After season-long wait, Kreidler family gets to see Ryan’s debut

Detroit Tigers

DETROIT — Mark Kreidler caught plenty of red-eye flights when he crossed the country covering Tony Gwynn and the Padres years ago, and again as a columnist in Northern California. So when he and his wife, Colleen, got a call from their son, Ryan, that the Tigers were calling him up for his Major League debut, Mark knew how to do a quick turnaround on little sleep for a big game.

Still, nothing from Kreidler’s previous life as a baseball writer could prepare him for the emotion of watching his son become a Major Leaguer.

There’s no cheering in the press box, but with seats behind home plate, Mark and the family could go nuts as Ryan walked twice and scored twice in Friday’s 5-4 win over the Royals. On the flip side, after years of spouting off opinions in print, on radio and on social media as a media member, he had a completely different position as a parent.

“A million unexpressed judgments,” he joked from the concourse at Comerica Park.

Still, one observation was clear: Ryan Kreidler gave the Tigers a well-received boost.

“He plays with a great energy,” manager A.J. Hinch said, “and we saw a lot of that tonight.”

Ryan was still feeling it after the game.

“Super fun, had a great time, great win, got the nerves out … somewhat,” he said. “I’ll still get nerves tomorrow and the next day, but it’s all good. Just really glad my family could be here.”

Much like Tigers fans, the Kreidlers had been anticipating this day all season. Ryan began the year at Triple-A Toledo, an hour’s drive from the big leagues. Then came a check-swing on an inside pitch that fractured a bone in his right hand, requiring surgery to insert a plate. Just as he was settled back in, a groin strain on a routine throw cost him another month.

While Ryan kept up a positive attitude, his parents could sense the frustration. Once he got back into an everyday routine at the plate two weeks ago, they could begin thinking about Detroit again. Ryan’s brother, Patrick, had a suitcase packed at his home in San Diego, ready in case Ryan got the call.

It came on FaceTime with his parents.

“It was so special, something you dream about since you were a kid,” Ryan said. “There’s only so much your parents can do for you, but my parents probably pushed to the limit as far as how much you can help a kid. I’m forever thankful for them for doing that.”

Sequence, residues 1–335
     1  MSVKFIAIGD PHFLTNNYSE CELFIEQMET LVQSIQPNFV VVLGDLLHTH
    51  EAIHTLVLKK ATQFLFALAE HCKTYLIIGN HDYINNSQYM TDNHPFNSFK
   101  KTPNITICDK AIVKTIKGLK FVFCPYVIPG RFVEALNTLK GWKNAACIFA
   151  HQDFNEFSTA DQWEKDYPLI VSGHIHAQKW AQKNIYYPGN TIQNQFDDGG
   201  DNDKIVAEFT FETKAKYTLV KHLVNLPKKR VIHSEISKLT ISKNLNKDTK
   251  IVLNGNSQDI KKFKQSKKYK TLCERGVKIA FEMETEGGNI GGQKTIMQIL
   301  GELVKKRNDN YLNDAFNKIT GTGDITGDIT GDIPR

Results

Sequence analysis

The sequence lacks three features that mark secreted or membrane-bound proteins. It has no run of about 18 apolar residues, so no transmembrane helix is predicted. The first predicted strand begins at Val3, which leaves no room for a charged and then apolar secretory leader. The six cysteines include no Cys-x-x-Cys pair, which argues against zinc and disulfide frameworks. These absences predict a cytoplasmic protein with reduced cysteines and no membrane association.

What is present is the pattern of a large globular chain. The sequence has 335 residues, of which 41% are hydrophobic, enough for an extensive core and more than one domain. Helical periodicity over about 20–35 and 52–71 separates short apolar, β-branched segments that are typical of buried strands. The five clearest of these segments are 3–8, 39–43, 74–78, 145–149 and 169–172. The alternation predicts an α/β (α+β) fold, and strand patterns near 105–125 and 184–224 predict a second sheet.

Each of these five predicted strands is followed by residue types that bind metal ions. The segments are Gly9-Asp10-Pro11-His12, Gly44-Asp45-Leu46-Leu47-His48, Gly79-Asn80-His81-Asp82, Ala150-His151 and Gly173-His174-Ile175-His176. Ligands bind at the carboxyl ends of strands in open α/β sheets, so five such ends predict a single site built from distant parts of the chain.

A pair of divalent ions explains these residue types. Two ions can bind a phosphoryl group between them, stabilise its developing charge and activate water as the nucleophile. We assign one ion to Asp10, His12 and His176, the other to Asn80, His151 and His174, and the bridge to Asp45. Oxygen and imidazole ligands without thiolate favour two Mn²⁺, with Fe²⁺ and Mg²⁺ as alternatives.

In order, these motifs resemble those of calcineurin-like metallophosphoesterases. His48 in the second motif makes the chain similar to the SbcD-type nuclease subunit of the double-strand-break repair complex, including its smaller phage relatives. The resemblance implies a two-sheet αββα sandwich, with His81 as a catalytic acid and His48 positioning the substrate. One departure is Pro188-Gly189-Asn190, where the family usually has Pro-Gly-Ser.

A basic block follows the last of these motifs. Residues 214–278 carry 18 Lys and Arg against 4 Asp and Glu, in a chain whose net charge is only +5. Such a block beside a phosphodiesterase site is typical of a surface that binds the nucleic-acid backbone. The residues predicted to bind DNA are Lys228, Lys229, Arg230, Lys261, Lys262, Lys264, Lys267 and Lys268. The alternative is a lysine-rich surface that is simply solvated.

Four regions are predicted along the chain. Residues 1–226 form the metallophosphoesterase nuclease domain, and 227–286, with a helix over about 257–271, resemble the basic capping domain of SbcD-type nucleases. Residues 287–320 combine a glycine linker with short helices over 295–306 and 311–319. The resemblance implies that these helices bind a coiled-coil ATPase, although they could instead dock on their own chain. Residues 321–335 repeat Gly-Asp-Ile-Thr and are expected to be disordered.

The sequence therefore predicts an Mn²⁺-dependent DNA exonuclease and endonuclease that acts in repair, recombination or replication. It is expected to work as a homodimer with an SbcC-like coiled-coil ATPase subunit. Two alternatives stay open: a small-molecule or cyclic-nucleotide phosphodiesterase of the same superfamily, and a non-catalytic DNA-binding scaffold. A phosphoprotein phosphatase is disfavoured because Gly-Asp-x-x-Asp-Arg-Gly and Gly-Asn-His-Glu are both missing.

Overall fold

Though the family was in the stands Thursday afternoon just in case Ryan made his debut against the Mariners, Hinch gave the infielder the game off to rest up for Friday night. The extra day paid off.

Kreidler attacked the first pitch he saw as a big leaguer, a 93 mph sinker from Royals lefty Daniel Lynch, and scorched it back up the middle. The 101.3 mph line drive had a 73 percent hit probability according to Statcast, but it went right to shifted second baseman Michael Massey, who was drafted three picks before Kreidler in the fourth round of the 2019 MLB Draft. Kreidler’s parents and brother all jumped when the ball left the bat, only to get knocked back to earth by the catch.

“I tried not to look at them,” Ryan said. “I didn’t know where they were sitting, didn’t really want to know, to be honest with you.”

Kreidler followed Willi Castro’s fifth-inning solo homer and fouled off a first-pitch fastball from Lynch before taking offspeed pitches the rest of the at-bat for a one-out walk. After Riley Greene’s walk moved him up, Kreidler deked Lynch into a balk when he broke for third base, putting him in position to score on a Victor Reyes sacrifice fly.

“I was trying to steal, and then he kind of froze,” Kreidler said. “I didn’t know if he was going to look back and get me, so I put on the brakes. I don’t think he really knew what was going on. They were yelling at him to step off. Kind of the luck of the draw there.”

Another walk, this time off hard-throwing reliever Carlos Hernández to lead off the seventh, put Kreidler on as the potential go-ahead run. A huge lead off second base sent him racing home to beat left fielder Kyle Isbel’s throw on Harold Castro’s pinch-hit single. The next inning, he started a double play in the shift to erase a leadoff baserunner for Will Vest.

It didn’t all go smoothly; Kreidler’s attempt at a safety squeeze bunt with runners at the corners in the eighth inning went foul before he struck out, missing out on an add-on run. Still, he’ll likely start the remaining two games of the series, possibly at different positions, as he shows his versatility around the infield and tries to stake a claim for next season’s roster.

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